Athletics option Daric Barton to Triple-A Sacramento

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Athletics general manager Billy Beane said last October that he felt Daric Barton was the “best first baseman in the league” last season. My how things can change in a hurry.

According to Susan Slusser of the San Francisco Chronicle, Barton was optioned to Triple-A Sacramento following tonight’s victory over the Mets. He was presumably sent down to make room for second baseman Mark Ellis, who is expected to return from the disabled list tomorrow.

Barton is batting just .212/.325/.267 with zero homers and 20 RBI over 280 plate appearances this season. The 25-year-old entered play Tuesday with the second lowest slugging percentage among qualified batters. Yes, only Chone Figgins is worse. Barton was dropped out of the No. 2 spot by former manager Bob Geren earlier this month and found himself on the bench over the past two games, so this move doesn’t come as a major surprise.

Conor Jackson will likely draw most of the starts at first base for now. The 29-year-old is hitting .258/.350/.321 with one home run, 19 RBI and a .670 OPS over 184 plate appearances this season.

Troy Tulowitzki held a workout for eleven clubs

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Yesterday free agent shortstop Troy Tulowitzki held a workout in California and representatives from at least eleven teams were on hand, reports Tim Brown of Yahoo. Among the clubs present: the Giants — who were said to have a “heavy presence,” including team president Farhan Zaidi and manager Bruce Bochy — the Angels, Red Sox, Cubs, Padres, White Sox, Orioles, Yankees, Phillies, Tigers and Pirates.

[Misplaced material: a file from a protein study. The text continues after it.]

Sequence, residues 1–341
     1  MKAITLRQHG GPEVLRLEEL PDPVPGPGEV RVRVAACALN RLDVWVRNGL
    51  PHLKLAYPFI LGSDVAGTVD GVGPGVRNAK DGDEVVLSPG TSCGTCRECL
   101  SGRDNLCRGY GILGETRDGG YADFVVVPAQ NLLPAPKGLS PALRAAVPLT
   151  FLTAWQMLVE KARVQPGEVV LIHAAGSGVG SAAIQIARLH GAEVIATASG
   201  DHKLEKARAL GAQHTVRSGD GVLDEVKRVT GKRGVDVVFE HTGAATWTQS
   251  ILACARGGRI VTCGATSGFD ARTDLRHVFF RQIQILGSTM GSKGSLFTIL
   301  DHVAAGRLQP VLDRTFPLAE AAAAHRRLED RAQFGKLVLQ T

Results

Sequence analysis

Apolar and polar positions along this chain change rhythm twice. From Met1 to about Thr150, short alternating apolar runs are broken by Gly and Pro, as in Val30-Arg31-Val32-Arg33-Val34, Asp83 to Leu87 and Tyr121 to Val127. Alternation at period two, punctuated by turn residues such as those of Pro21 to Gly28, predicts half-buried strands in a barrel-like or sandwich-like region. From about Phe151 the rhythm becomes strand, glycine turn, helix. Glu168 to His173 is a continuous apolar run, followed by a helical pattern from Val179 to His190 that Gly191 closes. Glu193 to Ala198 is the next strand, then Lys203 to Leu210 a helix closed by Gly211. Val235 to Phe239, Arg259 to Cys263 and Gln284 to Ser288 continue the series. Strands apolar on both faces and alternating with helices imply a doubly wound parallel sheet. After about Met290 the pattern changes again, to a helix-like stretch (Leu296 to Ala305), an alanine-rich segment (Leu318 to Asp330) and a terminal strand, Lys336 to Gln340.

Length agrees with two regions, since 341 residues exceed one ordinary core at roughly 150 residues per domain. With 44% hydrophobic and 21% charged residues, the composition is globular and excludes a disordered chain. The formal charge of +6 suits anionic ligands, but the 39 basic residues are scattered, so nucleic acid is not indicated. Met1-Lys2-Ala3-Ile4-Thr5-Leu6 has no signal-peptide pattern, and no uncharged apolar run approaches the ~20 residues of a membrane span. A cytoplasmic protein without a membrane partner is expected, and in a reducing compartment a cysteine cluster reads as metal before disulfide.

Your first reaction to that may be “Um, really? For Tulowitzki?” But a moment’s reflection makes it seem more sensible. We’re so tied up in thinking of a player through the filter of their contract and, when we’ve done that with Tulowitzki over the past several years, it has made him seem like an albatross given the $20 million+ a year he was earning to either not play or play rather poorly due to injuries.

It was just the contract that was the albatross, though, right? An almost free Tulowitzki — which he will be given that the Blue Jays are paying him $38 million over the next two seasons — is a different matter. If you sign him it’ll be for almost no real money and he stands a chance to be an average or maybe better-than-average shortstop, which is pretty darn valuable. You might even get one quirky late career return-to-near-glory season from him, in which case you’ve hit the lottery. If, however, as seems more likely, he just can’t get it done at all, you’re not out anything and you can cut him with little or no pain.

Eleven teams think he’s at least a look-see. I bet one of them will offer him a major league deal. Maybe more than one. He’ll probably have his pick of non-roster invites to spring training. I can’t see the downside to at least doing that much.